Boston Marathon 2016

I’ll admit, I’d been negligent.  No blog posts for 4+ months.  But how can you blame me.  Work had been HECTIC – and is only getting worse.  Training took up the rest of my free time.  All I wanted to do on my ‘off days’ was to rest, veg, and, unfortunately, shop.  Ten pairs of shoes later (this is a topic for another day), I’m ready to write my 2016 Boston Marathon recap.

I have to admit that I wasn’t as inspired about running this year’s race as I was last year.  Last year was my first Boston, and it took years and hard work to finally qualify to run Boston.  For me, once I’ve achieved something it is no longer as special.  However, since I qualified again, I ‘had to’ sign up.

In an attempt to make things interesting, I decided to shoot for a faster time – 3:30.  So I trained for a 3:30 pace.  Yet, for some reason I couldn’t get excited even though I was hitting the majority of my training paces.  I was just going through the motions during training.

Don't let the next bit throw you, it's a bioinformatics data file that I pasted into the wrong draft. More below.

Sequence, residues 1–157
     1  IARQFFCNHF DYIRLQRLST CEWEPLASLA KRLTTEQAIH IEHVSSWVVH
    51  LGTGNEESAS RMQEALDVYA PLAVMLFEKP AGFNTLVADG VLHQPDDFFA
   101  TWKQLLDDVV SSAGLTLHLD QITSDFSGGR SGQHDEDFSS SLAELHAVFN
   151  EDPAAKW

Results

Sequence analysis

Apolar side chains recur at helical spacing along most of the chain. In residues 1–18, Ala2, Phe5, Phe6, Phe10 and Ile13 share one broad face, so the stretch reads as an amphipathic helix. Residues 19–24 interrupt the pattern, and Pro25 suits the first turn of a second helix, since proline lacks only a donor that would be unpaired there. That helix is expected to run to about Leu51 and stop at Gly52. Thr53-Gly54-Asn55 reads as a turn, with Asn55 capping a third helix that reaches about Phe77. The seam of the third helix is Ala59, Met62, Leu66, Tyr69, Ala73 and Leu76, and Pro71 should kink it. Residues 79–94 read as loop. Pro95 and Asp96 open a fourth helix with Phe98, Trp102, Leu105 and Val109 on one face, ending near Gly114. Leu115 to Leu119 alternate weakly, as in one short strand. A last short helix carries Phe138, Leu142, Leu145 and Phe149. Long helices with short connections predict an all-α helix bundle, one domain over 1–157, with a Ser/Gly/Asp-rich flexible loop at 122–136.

Four months later, burnt out from work, I found myself in Boston calm and ready to get the race out of the way so I could start my Portugal vacation.  The only thing that had me concerned was the race day weather.  Thanks to last year’s 40 degree temp and rain, I was able to run a PR; so naturally, I was hoping for another cold race.  Unfortunately, it wasn’t meant to be.  Race day morning was 60 degrees and getting hotter as the morning progressed.  By the time I had lined up in the corral, I could feel the sun burning my shoulders.  At that moment, I should have backed off on my goal of 3:30, but I thought, ‘hey, I’ve been training in 60 degree SoCal weather, I’ll be fine.’